Volume 35 Number 1 Article 7
Free Caver Training Day
7th December 1997
Organised: by Nigel Atkins and Kevin West from Pennine National Caving - Held at the Birmingham Climbing Centre - Sponsored by Petzl and Karimor.
This proved to be an excellent meeting, both entertaining and educational. The stated purpose of the meeting was to promote 'training courses for cave club training officers', and was aimed mainly at clubs which had a lot of novice members or visitors with little caving experience. Although the RRCPC doesn't have many novices, the safety techniques were applicable to cavers of all levels.
40 caving clubs expressed an interest in the meeting, and 27 clubs sent a representative to attend. Most clubs now have 'training officers', and there is a general move to 'training the trainers', and many now have some form of caving qualification. Nigel started the meeting by stressing that the best trainers were not necessarily the best cavers or the best riggers in a club; communication, planning, organisation, patience, and enthusiasm, were skills needed to be a good trainer. Pennine National Caving run regular training schemes for trainers and Nigel has also drawn up a cave training syllabus, which is used by the Derbyshire Caving Association, a copy of which is available in the RRCPC library.
The meeting started with a review of equipment needed by novices, helmets, lights, clothing etc (some clubs provide this). This was followed by a discussion on the use of the correct type of ropes, slings, hangers, etc to use for belays down ladders. It transpired that there was some difference of opinion on these matters, it was agreed that wire belays should only be used for ladders; the safety-line should be bomb proof, and belayed through a karabiner on a reliable fixed hanger, or on a sling around a sturdy flake or thread - the sling should be either 1" stitched tape, or 11mm kemmantle rope. Some thought that dynamic type climbing rope, 9mm or 1Omm, was best for the safety-line, but Nigel warned that climbing rope was not 'cave friendly' and wore out quickly; he preferred 9mm static rope, but it should be kept separate from the club's usual SRT ropes. Finally the only way to guarantee a safe descent in the event of a ladder failure or fall off the ladder, was for the novice-carer to wear a harness to which the belay rope can be attached; it was suggested that it is no longer acceptable, (at least for novices), to belay them down a big ladder pitch, using only a belay belt or rope tied around the waist.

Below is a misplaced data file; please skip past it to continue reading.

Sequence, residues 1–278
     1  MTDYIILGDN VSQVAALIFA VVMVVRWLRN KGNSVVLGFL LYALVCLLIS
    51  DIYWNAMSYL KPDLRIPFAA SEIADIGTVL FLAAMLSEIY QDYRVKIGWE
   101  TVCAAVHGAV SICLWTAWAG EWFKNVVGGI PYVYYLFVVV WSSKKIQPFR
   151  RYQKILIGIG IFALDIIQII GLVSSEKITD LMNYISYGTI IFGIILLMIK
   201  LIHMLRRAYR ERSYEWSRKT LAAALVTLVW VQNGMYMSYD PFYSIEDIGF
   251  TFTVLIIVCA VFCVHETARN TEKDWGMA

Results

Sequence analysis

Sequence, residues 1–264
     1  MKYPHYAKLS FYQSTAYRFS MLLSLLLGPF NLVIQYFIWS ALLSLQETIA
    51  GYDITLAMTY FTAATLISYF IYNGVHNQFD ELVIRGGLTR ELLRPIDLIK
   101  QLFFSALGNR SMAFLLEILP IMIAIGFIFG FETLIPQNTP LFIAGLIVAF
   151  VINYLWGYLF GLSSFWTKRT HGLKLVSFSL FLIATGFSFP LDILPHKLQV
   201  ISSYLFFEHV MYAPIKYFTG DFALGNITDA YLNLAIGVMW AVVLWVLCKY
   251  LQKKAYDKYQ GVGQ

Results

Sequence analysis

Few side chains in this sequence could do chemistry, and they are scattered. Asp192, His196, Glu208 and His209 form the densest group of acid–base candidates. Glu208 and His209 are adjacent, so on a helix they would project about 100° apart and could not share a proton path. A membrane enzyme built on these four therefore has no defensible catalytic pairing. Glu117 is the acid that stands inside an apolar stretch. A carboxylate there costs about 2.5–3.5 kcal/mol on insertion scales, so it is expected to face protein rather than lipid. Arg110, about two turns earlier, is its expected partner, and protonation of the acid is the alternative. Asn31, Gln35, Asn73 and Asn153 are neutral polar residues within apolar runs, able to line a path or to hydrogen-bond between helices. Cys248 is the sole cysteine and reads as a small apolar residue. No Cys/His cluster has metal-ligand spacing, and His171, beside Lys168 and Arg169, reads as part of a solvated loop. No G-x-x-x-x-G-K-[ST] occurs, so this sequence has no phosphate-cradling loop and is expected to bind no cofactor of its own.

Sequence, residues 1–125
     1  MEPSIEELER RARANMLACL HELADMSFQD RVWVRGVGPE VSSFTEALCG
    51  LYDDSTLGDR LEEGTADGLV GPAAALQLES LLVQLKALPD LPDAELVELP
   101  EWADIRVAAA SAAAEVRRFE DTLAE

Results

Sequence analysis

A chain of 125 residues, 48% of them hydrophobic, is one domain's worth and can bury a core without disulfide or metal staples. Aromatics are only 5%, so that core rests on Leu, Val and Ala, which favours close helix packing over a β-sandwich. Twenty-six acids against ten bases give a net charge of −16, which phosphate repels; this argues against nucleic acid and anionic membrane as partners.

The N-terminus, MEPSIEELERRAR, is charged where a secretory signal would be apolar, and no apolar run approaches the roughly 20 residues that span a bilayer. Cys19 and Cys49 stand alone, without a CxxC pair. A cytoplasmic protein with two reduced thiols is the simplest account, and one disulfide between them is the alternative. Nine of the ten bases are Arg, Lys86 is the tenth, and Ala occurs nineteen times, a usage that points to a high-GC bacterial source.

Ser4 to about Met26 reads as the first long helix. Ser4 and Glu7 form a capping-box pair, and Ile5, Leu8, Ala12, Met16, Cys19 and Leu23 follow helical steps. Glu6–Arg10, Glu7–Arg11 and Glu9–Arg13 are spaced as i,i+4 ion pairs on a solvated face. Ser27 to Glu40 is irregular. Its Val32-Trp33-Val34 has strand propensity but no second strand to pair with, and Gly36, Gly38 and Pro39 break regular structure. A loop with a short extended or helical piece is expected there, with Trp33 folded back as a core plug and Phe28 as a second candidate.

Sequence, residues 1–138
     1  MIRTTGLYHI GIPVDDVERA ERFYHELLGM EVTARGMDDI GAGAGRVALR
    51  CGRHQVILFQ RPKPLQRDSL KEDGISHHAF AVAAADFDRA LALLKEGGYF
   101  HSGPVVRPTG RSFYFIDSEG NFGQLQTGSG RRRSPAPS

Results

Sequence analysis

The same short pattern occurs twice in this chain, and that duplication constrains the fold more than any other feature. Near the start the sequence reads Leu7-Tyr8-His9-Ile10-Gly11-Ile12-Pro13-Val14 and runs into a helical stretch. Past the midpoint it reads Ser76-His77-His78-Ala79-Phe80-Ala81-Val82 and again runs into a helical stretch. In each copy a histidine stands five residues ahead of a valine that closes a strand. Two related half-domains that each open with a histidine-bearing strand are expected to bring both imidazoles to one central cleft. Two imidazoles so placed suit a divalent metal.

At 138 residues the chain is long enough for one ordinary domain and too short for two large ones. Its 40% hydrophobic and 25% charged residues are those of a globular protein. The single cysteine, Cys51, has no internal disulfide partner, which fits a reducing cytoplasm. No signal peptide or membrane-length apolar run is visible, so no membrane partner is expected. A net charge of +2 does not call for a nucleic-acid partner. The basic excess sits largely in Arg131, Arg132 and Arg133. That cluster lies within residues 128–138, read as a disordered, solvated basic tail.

The afternoon session started with a demonstration on the climbing wall of belaying techniques using the Petzl 'Stop' positioned at the top of a pitch; this proved to be most impressive - it was very controllable, and left the operator completely free. The victim could be held or lowered with ease. Other techniques were demonstrated including the correct use of an Italian hitch, and how to set-up a pulley rescue hoisting system.
During the later afternoon there was a discussion on teaching SRT to novices. Good communication was the message - there were numerous horrific stories of novices not understanding the correct use of SRT gear - e.g. one abseiled down a pitch with his Stop karabiner clipped into the side tackle loop of his harness rather than the D ring! Another novice jumped-off a pitch-head holding the Stop with the brake pressed-in, but not holding the distal rope (fortunately it was only a short pitch)! The novice must be tested that he/she understands the use and purpose of the equipment; above ground training in a tree or climbing wall is essential to mastering the SRT equipment before going underground.
The meeting provided much to think about; we realise that some of our own techniques are less than perfect, and we are going to try and put at least some of what we learnt into practise.
Peter & Julie Mohr